The Grow Show: Business Growth Stories from the Frontlines

The Grow Show Sales Tip: Preparing for a Meeting Part 4

July 22, 2022 Scott Scully, Jeff Winters, Eric Watkins
The Grow Show: Business Growth Stories from the Frontlines
The Grow Show Sales Tip: Preparing for a Meeting Part 4
Show Notes Transcript

In part four of our series on preparing for a meeting, we discuss how to use the information you’ve gathered so far in your meeting confirmation and initial pitch. 57% of B2B decision makers feel sales people aren’t prepared for their meeting so this is a critical step!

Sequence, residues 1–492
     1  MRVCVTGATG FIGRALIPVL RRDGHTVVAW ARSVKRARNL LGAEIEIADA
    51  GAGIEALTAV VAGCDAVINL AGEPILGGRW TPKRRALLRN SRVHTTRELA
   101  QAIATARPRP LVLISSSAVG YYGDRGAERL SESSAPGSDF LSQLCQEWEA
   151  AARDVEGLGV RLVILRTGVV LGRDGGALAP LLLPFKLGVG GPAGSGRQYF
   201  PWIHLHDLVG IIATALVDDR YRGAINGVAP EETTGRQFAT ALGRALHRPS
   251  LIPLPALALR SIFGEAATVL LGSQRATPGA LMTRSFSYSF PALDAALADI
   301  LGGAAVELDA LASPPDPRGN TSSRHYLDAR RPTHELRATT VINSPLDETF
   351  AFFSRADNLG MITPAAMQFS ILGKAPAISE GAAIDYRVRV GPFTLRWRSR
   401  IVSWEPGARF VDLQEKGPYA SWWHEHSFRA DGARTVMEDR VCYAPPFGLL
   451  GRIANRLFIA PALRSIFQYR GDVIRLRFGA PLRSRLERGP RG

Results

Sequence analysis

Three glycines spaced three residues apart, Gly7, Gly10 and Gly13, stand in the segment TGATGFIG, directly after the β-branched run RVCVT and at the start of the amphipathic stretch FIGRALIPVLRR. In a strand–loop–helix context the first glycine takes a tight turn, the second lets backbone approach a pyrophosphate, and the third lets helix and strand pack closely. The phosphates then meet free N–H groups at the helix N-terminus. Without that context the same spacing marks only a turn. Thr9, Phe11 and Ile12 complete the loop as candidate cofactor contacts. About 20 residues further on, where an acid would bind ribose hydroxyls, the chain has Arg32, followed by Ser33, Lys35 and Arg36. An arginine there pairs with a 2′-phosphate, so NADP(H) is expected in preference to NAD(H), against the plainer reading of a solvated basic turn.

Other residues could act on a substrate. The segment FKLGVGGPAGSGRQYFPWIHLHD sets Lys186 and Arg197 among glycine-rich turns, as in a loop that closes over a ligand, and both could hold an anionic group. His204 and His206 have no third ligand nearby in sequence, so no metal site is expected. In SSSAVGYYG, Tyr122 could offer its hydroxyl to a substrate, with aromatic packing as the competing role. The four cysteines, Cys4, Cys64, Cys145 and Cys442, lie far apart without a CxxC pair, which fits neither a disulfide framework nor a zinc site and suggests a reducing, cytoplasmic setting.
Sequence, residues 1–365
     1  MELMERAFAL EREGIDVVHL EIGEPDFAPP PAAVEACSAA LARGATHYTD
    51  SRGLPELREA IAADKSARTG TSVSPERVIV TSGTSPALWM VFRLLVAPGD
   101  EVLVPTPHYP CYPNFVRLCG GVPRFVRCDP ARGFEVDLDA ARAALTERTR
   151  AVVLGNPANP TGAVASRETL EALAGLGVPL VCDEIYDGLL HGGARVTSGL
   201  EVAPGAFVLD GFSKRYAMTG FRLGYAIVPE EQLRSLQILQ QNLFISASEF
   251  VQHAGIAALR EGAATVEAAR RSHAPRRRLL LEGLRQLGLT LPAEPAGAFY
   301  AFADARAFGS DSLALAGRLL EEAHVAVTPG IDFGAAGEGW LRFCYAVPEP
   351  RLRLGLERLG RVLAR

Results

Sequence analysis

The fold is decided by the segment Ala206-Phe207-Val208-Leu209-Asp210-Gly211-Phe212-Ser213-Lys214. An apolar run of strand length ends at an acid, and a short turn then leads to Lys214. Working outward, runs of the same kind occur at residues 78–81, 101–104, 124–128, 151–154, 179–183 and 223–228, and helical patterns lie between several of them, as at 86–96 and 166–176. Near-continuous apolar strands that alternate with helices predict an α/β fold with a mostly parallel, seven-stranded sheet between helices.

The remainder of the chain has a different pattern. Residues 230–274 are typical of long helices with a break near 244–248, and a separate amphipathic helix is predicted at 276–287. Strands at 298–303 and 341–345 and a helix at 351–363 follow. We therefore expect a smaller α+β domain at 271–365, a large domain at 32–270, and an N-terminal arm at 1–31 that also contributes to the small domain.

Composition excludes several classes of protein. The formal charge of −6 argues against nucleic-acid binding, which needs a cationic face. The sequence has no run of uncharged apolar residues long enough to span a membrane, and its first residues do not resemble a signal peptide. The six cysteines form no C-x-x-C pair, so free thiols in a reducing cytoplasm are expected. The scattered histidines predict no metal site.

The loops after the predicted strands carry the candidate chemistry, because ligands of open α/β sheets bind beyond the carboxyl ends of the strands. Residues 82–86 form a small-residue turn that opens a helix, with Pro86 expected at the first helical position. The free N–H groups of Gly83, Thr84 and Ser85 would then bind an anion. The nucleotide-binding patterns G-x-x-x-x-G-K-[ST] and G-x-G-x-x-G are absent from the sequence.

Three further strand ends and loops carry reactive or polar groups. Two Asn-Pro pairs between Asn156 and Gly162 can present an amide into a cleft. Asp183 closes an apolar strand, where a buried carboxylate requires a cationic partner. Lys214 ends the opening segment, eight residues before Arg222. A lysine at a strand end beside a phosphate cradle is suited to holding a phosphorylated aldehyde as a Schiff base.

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Welcome to part four of the gross show sales tip series on preparing for a meeting. So far we've discussed how to research the company and the individual you're going to meet. And in general terms the difference in the decision makers mindset between inbound and outbound opportunities. Today's topic is on pre meeting communication, and how to prepare for the critical first five minutes of your meeting. So let's start with pre meeting communication. There's two schools of thought here. The first is if I communicate too much before the meeting, it increases the odds the prospect will cancel. And the second is if I confirm the meeting, it increases the show rate. Well, both are true. I believe the benefit of pre meeting communication is not only to increase the show rate, but to establish rapport with the prospect. One of the most important things to avoid is trying to get into a discovery or identifying pain points, or asking about their level of authority, trying to accomplish those goals. Before your meeting just screams I only care about making a sale. As a rule, you should always send a calendar invitation, even if you don't use your calendar, because the prospect likely has a busy schedule, and will want to plan around your meeting. A calendar invitation also sends an automatic reminder to the prospect before your meeting, which again increases show rates you should also connect with them via LinkedIn where you can send a personalized note and it's okay to include a very brief statement around the reason they agreed to meet. As you've heard on other episodes of the gross show, calling people is the easiest and most effective way to communicate. If the meeting is scheduled for the morning. I always call the day prior and if necessary, leave a voicemail if it's an afternoon meeting, I call the morning of remember in all digital communications and every voicemail or when you do a live confirmation call, always include a statement about spending time preparing for the meeting, people are much less likely to cancel that meeting, when they know you've already spent time preparing for it. Talking about preparing. People have talked about the value of being prepared for centuries, Abraham Lincoln said, Give me six hours to chop down a tree. And I'll spend the first four sharpening the axe. Thomas Jefferson said, Good fortune does often happen when opportunity meets preparation. So I think we're all familiar with my personal favorite from Benjamin Franklin who said, by failing to prepare, you are preparing to fail. So now let's fast forward to the 21st century data and listen to your potential clients. Because 57% of b2b decision makers feel that salespeople are not prepared for the meeting. That's really all you should need to know to realize the benefit and importance of being prepared for your meeting. Before the meeting right and agenda. Doing so provides an opportunity to take immediate control of the meeting. It helps keep the meeting focused and proves to your prospect that you've prepared for the meeting which is just huge. Keep your first meeting agenda simple in alignment with the commonalities we discussed for inbound or outbound opportunities. writing something down to help you is literally like memory cement. So when a different piece of paper, write down some of the things that you learned in your research that you plan on using during the meeting, regardless of your experience in the industry, practice the first five minutes of your discussion, because the first five are typically the hardest to get through. Naturally After introductions, it's important to start with a reminder about why the meeting is taking place. It doesn't matter if you schedule the meeting or if you're fortunate enough to have a sales development team scheduled for you. It's critical to let them know up front that you know why they agreed to a meeting. Keep it straightforward and really simple. So you could say when we are your SDR names scheduled the meeting, you said and then insert exactly what they said. It could be as generic as you said you wanted to learn more about the services we offer. Or it could be something very specific. But it's important to let them know that you know why they agree To meet, then without hesitation, don't skip a beat immediately tell the prospect that you spent time preparing for the meeting and drop. One of the things you learn from your research about the company. If you can sense the prospect is comfortable, you can talk about one of the personal things you learned about them. But at this point, keep it on the business side of the table, so limited to things like where they went to college, or their rise or tenure in the current company. This is also a great spot in the conversation to pull out your agenda. Remember, 57% of b2b decision makers feel salespeople aren't prepared for their meetings. And if you follow the tips we just outlined, you have without a doubt proven that you are prepared for this meeting. You will never accomplish your goal. If you don't know what the prospect goal is. So in my opinion, the very first bullet should be to ask the prospect what their goal for the meeting is it takes practice. But asking this as your first question will give the prospect the impression that their goal is the most important thing to you. It's also a great way to open up the discovery portion of your meeting which will happen later. The other four bullets should be about them. Things like current state desired state potential roadblocks, their decision process and next steps. One of the most valuable lessons I've ever learned is that only 2% of b2b sales are finalized in the first meeting. Think about that. That means 98% of your sales have to be nurtured to a close. So if your goal in the first meeting is to close a sale, you're absolutely setting yourself up to fail. Thank you for taking the time to listen to the gross show sales tips. Next time we'll talk about how to have a conversational discovery. Have a great day.